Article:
Mentor characteristics

Connection and relatability: the mentors need to have a natural point of connection with their mentees. This is important to establish trust and rapport. There should be a common interest or life event such that the mentee can ‘see themself’ in the mentor. This will help break down any perceived barriers to connection and create the mental space required for new thought and possibilities.

Aligned Values: Community mentoring program coordinators need to consider how they can attract mentors that represent the values they want embodied in both mentors and mentees. These values typically include: respect, kindness, community service, of high moral character, and an open-minded, life-long learner.

Je ne se qais: also known as the “vibe-check.” How do coordinators and mentees feel in the presence of the mentor? What does their inner knowing sense about them? If the general feeling is that of ease, openness, and inspiration, you’re on track.

Mentor training and support

What kind of training support is offered to ensure mentors are equipped with the right knowledge and tools to successfully implement the program?

While some people are natural mentors and leaders, it’s important that mentors are set up for success with training and ongoing support. The most effective mentors understand the value of life-long learning and are eager to acquire new skills and knowledge to continually expand the positive impact they can make in the world. Youth mentoring programs should have a robust training and support plan to ensure the mentees are getting the best possible outcomes – something they deserve.

Parental Involvement in Youth Mentorship                                      

We strongly encourage parental involvement and support in the mentoring process. One of the pillars of our mentoring programs is helping parents to also feel better and thus do better. We’ve created several resources to support parents who want to have a better understanding of their children and themselves. Our parenting resources explore the following key questions:

  • What’s really going on when we feel disconnected from and frustrated with our kids?
  • What is resilience and what this means for trauma, anxiety, depression, divorce, self-esteem, and destructive behavior?
  • How does state of mind affect our access to mental resources, clarity, confidence, and capacity as parents?

Our parenting resources espouse no illusions about becoming a “perfect parent”. We will not give you a long list of dos and don’ts. Instead, we aim to simply show you how the mind works, which will allow you to navigate parenting authentically, with greater ease and less stress.  

The Future Impact: Building Resilient Individuals 

The insights and inspiration that come from an effective mentorship program last a lifetime and ripple through the community, building even more resilient individuals. A shining example of this is Brandon Evans, a former participant in the SPARKing Change Youth Leadership Program. This is a year-long program to cultivate young leaders who are inspired to make a difference in their community.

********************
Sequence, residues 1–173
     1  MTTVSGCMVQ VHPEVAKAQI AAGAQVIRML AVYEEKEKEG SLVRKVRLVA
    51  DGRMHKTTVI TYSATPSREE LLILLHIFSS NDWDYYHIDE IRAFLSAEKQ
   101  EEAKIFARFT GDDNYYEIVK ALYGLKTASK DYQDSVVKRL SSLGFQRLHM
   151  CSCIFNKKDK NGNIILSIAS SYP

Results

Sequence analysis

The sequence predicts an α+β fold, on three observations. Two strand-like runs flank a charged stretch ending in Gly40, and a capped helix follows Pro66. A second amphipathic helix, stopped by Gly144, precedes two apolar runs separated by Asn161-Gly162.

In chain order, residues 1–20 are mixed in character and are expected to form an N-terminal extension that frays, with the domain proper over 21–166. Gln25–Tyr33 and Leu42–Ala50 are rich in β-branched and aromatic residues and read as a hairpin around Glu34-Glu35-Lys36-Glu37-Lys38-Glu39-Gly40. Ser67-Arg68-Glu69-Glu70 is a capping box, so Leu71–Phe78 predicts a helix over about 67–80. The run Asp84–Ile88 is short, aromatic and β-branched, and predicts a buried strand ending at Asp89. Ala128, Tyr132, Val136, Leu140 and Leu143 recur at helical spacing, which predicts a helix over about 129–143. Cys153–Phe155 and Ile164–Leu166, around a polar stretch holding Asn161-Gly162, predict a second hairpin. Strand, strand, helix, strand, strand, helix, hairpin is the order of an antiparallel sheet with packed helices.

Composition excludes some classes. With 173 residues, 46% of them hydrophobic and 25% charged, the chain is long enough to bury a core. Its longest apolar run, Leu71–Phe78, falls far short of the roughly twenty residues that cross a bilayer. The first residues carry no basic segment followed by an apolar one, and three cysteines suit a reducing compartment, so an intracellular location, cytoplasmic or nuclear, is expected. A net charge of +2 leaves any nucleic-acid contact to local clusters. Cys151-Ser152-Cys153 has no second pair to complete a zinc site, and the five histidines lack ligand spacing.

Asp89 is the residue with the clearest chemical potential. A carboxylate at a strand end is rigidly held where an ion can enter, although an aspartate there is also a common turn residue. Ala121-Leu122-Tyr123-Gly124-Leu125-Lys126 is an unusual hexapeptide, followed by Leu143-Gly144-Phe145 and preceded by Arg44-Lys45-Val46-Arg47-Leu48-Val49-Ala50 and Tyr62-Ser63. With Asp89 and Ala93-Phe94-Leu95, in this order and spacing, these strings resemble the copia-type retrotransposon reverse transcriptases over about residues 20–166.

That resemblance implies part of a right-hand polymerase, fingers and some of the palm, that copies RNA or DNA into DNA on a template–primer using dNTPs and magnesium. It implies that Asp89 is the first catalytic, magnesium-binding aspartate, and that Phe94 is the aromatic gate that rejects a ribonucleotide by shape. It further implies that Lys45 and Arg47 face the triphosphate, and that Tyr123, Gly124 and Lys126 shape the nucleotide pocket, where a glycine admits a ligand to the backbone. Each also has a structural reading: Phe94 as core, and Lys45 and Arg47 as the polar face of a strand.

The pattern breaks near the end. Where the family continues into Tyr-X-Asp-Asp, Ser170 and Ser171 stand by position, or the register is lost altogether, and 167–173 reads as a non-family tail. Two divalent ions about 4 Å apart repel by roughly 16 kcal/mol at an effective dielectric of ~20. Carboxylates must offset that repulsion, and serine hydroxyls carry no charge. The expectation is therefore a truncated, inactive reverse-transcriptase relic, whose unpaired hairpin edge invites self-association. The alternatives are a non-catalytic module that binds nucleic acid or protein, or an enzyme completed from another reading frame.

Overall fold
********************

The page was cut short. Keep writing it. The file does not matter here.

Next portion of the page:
Brandon is an active force for change in his community. He is the founder and CEO of Project 100, a 501c charity that organizes projects and events to bridge community gaps and empower young people. Project 100 passes on Brandon’s infectious hope for a better future by lifting up youth, bringing out their resilience, and showing them the way to a better future.

Mentorship Programs like Brandon’s nurture a better future with every young life they touch.

Finally, our mentorship programs prepare mentees for the future by showing them they are not stuck with what we’ve created so far. Everything we see is just a physical creation of humanity’s ideas so far. What haven’t we thought of in terms of equitable, just, inclusive, mutually beneficial systems? Freedom of mind gives us the power to re-imagine our communities, our world, and our future. 


In this critical time for our nation’s youth and those who are raising them, we cannot underestimate the significance of a youth mentoring program in shaping a better future. You can’t be what you can’t see. Giving kids the opportunity to see a mentor experience life in a way that differs from what the child usually sees, or behaving in a way they’ve never seen, opens up new possibilities for the life of the child. The aperture of their mind expands and that feeling of hopelessness, isolation, depression, or despair begins to dissolve away and can be replaced with hope, connection, love, inspiration, and creativity. 


Stephanie Fox, Director of Partnerships